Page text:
Bob Rosen, Paul Siciliano, Steve Smith, Bud Wilkinson and Victoria Zandonella

Staff Inflection: Gabbing About Gear

It’s time for another edition of Staff Inflection. That’s where the writing staff of RIDE-CT & RIDE-NewEngland answers a motorcycle-related question. Today’s question is  rather basic:

“What’s your favorite piece of gear and why?”

The question was later amended to seek both riding gear and other accessories…

Victoria Zandonella    

My favorite piece of gear has to be my BMW Enduroguard Pants. Why?  They simply are “the bomb” for off-road riders – well-made, waterproof and extremely durable. How nice is it when you see an angry cloud coming over the hills at you and you get to laugh in its face as you won’t be pulling over to the side of the trail to try to wiggle into your rain suit pants, tripping and falling during the whole event as motorists pass by your strange “rain dance.”

As far as non-apparel, I appreciate my Slime mini-compressor. This thing has saved me and several other fellow riders more times than I can mention. It hooks up to your battery charger dongle and fills up a flat or low tire in a jiffy. It’s easy to use and super affordable. I won’t leave home on two wheels without it.

Bob Rosen

Undoubtedly, one of my favorite pieces of gear is the Nelson Rigg tail bag that is always mounted on my bike. I even added a small luggage rack so that the tail bag wouldn’t take up any seat room.

Even though my bike has a pair of hard side cases, I find the tail bag to be even handier.  Mostly, the side cases stay in the garage if I’m just out for the day. Over the years, I’ve developed a modest “gotta have it with me at all times kit.” Included in this collection of essentials is a tool roll that I’ve filled with a nice array of high-quality tools. There’s also a mini-air compressor and tubeless tire repair kit. More than one ride has been saved thanks to my ability to perform roadside tire repairs.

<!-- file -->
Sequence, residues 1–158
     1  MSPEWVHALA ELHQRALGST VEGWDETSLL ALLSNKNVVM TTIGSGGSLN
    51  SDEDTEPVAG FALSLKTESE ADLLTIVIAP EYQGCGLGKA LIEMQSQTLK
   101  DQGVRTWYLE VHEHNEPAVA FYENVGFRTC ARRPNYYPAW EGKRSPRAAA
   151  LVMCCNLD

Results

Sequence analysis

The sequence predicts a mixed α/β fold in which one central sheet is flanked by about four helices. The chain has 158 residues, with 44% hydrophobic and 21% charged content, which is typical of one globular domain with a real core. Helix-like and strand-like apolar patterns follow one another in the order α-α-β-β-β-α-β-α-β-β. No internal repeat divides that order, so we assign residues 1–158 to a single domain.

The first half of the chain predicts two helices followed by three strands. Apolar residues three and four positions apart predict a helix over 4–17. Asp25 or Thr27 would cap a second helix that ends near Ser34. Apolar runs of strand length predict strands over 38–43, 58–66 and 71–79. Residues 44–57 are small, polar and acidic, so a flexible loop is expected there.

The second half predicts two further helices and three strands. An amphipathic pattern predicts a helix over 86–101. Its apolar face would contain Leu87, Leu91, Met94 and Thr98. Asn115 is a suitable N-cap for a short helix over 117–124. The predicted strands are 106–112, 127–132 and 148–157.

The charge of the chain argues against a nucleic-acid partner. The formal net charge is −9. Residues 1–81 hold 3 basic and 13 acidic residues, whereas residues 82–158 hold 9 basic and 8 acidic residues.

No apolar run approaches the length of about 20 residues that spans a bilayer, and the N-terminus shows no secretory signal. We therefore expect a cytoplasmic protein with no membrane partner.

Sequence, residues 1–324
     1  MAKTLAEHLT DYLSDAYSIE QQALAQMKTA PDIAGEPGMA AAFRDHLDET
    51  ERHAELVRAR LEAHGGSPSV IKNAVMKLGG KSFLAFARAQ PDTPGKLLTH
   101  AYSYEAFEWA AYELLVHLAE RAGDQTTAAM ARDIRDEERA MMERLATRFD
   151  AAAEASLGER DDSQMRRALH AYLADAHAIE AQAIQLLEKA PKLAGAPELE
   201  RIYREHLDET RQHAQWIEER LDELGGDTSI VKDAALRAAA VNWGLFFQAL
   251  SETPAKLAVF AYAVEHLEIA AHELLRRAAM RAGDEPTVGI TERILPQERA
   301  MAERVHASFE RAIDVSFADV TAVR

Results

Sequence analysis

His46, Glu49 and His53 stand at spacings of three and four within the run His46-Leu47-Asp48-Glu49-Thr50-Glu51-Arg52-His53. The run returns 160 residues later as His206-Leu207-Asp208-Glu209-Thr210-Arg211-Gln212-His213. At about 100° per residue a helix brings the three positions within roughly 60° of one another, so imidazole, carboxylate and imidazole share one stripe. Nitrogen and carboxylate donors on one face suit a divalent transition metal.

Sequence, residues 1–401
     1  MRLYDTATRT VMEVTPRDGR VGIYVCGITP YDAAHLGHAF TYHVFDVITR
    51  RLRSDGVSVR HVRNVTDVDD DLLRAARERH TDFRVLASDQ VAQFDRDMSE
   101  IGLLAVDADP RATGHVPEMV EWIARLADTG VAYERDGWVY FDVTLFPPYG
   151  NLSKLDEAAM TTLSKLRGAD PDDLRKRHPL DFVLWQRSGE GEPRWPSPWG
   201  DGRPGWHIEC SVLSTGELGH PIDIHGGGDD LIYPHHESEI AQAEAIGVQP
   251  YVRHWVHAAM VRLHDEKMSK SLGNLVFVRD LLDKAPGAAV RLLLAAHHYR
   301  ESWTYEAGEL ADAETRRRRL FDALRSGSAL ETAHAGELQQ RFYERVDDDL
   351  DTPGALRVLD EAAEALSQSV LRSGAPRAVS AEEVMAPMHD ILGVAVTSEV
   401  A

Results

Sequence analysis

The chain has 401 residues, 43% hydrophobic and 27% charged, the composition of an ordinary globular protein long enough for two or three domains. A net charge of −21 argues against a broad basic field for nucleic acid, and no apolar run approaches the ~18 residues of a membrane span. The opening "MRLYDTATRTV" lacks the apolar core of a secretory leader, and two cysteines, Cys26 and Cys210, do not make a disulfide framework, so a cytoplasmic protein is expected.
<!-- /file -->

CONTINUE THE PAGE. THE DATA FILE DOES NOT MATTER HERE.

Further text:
There are also supplies for keeping face shield and wind screen clear of bugs. A small zipper pouch holds a host of small items like extra ear plugs, electrical tape, wire ties, baling wire, and other useful things.

And, of course, there’s a flashlight, small notebook and pen. There’s plenty of room left over to stash a jacket liner when the weather warms up later in the day. Having these items with me means I don’t have to give a second thought to being prepared for most surprises. For years I was a tank bag guy. I now prefer the tail bag because it leaves the top of the tank clear for re-fueling and, to my eye, looks a little neater.

Bob Furman (aka “Arlo Mudgett”)

At some point back in the 1980’s, I purchased a rather expensive Belstaff Roadmaster waxed cotton jacket. I found it at A.J. Cycle in Gill, MA. After trying it on, I couldn’t leave it there even though I could just barely afford it. 

The comfort and fit of that jacket were unlike any motorcycling jacket I had ever known. The features that worked for me was its lightness, its breathability, its utility and its superior water repelling abilities. That feature was tested on a day-long slog in pouring rain from Chattanooga to Memphis. The Belstaff performed admirably. To perhaps paraphrase the Belstaff ad slogan from back in the day: “If you want to get wet in a Belstaff, ride into a lake.”

I put thousands and thousands of miles on that Belstaff in every kind of weather. It was always my go-to jacket in rain, but even on cool autumn days with a little layering, it was perfect. The multiple pockets inside and out were often a Godsend, holding all manner of things and keeping them dry. Then I gained some weight. Now it doesn’t fit, but I still have it. I purchased a cheap British waxed cotton jacket with a goofy looking collar. It seems to work well but it’s not the Belstaff. I’m not sure I can justify purchasing another Belstaff at full retail, so maybe I’ll search for a used one.

I can’t think of any memorable bike accessory, but I’ve had other than various windshields. I keep things relatively basic!